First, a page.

They will judge you just as much by the content of your website as your portfolio performance. The information their parents might pay you for is not fee-worthy as far as these kids are concerned.
They want more—much more—for less.
Depending on how you cater to millennials, the oldest of whom are in their early 30s, you stand to gain or lose big. In the greatest transfer of wealth in U.S. history, researchers have estimated that more than $41 trillion will pass from one generation to the next during the next 50 years.
You want millennial clients? You have to understand who they are. Millennials grew up with technology—computers, laptops, tablets, and smart phones, all of which got less and less expensive, while smaller and more powerful. They grew up with 24/7 news outlets, social media and digital music. They’re often more comfortable Googling and texting than having face-to-face conversations. They value any incremental improvement to their uber-connected lives. Because they are so tethered—to technology and to their parents—millennials will look to you for more than financial statements and generic investment information. They come informed. They do their homework.
Many millennials remember how the Internet bubble burst and their parents’ portfolios went down in flames. They understand the concept of risk tolerance. It is your job to keep up with them and tell them what it all means—for them. Millennials expect you to partner with them, not lecture them, on making their financial dreams come true—from buying their first home, starting families, forging their careers, giving back to their communities. Figure out how to tie your fees to chapters in their lives.
Managing money leaves you vulnerable to comparisons to shopping, done in just a few easy mouse clicks. Managing relationships, offering tailored advice—that’s how you attract your next generation of clients. So how do you do that?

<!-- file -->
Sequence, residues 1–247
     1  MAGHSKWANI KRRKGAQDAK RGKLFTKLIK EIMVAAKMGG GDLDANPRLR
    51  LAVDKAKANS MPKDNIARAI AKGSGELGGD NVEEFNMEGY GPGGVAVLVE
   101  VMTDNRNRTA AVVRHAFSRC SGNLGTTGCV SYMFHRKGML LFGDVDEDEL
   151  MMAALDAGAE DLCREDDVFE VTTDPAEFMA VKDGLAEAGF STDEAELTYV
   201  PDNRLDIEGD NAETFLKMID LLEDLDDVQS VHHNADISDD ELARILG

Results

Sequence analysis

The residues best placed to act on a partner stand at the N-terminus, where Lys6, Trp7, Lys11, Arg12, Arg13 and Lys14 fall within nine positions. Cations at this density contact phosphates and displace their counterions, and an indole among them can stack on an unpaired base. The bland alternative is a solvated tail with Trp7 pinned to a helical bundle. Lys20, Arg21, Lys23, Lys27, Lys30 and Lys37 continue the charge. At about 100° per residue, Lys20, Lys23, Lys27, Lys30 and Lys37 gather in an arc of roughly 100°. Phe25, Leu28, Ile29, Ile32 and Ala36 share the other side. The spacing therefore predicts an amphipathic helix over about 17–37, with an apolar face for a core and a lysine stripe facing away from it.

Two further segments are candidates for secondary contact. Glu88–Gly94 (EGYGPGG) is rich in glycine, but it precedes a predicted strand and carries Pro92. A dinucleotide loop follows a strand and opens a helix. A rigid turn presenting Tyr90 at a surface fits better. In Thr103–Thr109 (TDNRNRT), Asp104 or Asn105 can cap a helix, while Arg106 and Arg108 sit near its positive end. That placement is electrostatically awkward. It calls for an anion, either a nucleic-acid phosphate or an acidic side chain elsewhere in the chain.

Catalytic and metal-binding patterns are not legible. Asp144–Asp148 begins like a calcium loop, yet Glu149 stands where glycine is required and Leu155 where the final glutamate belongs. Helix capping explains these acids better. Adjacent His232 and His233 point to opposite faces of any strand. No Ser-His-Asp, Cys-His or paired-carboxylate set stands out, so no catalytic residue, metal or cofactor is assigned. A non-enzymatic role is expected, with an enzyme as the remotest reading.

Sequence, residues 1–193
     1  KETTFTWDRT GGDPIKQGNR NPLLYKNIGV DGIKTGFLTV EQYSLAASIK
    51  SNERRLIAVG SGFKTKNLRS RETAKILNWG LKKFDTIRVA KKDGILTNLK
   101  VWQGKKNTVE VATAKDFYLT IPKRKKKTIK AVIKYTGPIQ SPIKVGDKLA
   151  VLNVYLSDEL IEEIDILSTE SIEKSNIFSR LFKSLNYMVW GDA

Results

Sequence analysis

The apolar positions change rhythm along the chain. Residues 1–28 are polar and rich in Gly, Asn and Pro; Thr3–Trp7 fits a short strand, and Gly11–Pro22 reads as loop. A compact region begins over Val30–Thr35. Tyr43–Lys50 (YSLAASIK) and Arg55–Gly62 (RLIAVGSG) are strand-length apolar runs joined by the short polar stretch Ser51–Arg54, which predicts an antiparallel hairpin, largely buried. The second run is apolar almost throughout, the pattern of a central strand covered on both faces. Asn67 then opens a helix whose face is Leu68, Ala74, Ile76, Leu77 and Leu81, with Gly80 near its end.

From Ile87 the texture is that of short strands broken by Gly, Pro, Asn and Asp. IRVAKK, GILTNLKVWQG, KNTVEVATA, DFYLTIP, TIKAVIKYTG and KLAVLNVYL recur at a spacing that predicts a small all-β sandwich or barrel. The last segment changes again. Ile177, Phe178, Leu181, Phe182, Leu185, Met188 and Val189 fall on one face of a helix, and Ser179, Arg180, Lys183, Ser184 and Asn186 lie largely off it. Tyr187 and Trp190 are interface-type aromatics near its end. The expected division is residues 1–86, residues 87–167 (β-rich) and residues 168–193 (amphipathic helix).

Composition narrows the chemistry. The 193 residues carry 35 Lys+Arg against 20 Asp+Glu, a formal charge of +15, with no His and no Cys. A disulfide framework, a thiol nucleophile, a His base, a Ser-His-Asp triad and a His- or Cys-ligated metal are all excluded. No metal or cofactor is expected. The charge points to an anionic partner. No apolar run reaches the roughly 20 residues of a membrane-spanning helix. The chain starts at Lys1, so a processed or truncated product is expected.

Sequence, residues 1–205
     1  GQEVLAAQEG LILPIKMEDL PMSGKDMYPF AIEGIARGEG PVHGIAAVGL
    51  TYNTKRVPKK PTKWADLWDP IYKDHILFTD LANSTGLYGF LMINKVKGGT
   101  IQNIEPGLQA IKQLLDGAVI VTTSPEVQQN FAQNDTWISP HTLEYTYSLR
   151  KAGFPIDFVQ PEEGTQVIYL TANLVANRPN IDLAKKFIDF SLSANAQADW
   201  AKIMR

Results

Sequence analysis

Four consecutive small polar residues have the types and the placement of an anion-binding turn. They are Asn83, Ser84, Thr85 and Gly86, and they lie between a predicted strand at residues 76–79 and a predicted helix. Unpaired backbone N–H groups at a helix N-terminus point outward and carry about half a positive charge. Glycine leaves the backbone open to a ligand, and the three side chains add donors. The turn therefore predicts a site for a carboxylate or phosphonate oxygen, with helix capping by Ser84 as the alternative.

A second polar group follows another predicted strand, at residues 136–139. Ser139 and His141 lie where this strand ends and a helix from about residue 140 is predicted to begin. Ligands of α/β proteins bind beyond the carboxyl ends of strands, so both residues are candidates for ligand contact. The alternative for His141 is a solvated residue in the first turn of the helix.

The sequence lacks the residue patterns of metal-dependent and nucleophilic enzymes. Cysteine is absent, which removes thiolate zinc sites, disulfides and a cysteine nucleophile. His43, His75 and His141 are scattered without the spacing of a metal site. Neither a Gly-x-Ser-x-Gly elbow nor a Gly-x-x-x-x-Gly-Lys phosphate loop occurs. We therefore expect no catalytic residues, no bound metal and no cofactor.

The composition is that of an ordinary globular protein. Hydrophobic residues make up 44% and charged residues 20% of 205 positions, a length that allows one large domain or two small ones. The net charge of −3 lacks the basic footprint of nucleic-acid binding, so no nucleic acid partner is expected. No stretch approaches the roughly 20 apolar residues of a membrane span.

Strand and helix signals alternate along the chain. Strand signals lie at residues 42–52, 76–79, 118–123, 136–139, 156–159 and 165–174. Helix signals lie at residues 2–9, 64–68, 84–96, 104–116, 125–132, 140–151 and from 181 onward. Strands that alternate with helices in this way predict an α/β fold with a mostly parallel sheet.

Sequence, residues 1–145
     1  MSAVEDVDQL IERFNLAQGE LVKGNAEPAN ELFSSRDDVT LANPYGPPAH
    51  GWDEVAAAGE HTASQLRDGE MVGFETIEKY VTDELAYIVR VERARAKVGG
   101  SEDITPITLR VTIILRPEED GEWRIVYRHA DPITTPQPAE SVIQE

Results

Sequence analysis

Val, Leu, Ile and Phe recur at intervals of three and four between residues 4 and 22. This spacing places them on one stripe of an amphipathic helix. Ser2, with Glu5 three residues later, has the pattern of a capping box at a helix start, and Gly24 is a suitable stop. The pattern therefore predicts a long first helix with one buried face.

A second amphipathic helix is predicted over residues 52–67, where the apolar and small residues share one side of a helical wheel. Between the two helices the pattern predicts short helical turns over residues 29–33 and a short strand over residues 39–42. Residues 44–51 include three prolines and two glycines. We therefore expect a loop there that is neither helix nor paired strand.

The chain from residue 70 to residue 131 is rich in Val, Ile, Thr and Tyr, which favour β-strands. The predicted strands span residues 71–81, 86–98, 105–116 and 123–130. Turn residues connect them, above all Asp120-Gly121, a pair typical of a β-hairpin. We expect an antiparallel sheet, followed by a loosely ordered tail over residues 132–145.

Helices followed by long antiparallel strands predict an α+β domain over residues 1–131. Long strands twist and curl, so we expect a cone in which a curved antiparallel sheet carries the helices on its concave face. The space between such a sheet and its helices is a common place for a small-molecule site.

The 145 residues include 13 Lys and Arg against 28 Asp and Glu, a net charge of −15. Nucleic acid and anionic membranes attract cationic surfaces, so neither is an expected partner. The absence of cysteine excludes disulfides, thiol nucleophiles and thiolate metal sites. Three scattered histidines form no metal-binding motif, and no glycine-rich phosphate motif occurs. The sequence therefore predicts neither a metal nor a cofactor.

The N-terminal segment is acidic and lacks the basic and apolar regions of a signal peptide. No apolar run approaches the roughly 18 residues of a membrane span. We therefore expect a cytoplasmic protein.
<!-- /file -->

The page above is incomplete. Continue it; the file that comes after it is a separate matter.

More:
Here are some ideas:
- Start with your website. It’s the first impression millennials will have of you. It must be robust, with tons of helpful links and content that changes frequently. If you post a blog or videos, you must regularly update those pieces. Strive to refresh parts of your website weekly.
- Filter the noise. Don’t be threatened by younger clients who come armed with information and perhaps misinformation. Just as they might do with their doctors, they want you to tell them which sources are valid and what noise they should tune out.
- Get feedback. Form a so-called client advisory council made up of a handful of Millennial clients or potential clients and ask them how you’re doing and how they rate their experience. What do they think of your website? What do they want from you? What are you not providing that they so desperately want?
- Educate. Millennials love to learn. Offer free webinars and seminars on financial planning topics. Offer to speak at millennial networking groups. Give them a chance to interact with you, ask you questions.
The bottom line: Show millennials that you understand them, how they think and what they want from an advisor.
Wayne Badorf, CFP, CFS, is the head of Intermediary Sales for Wells Fargo Asset Management and president of Wells Fargo Funds Distributor.
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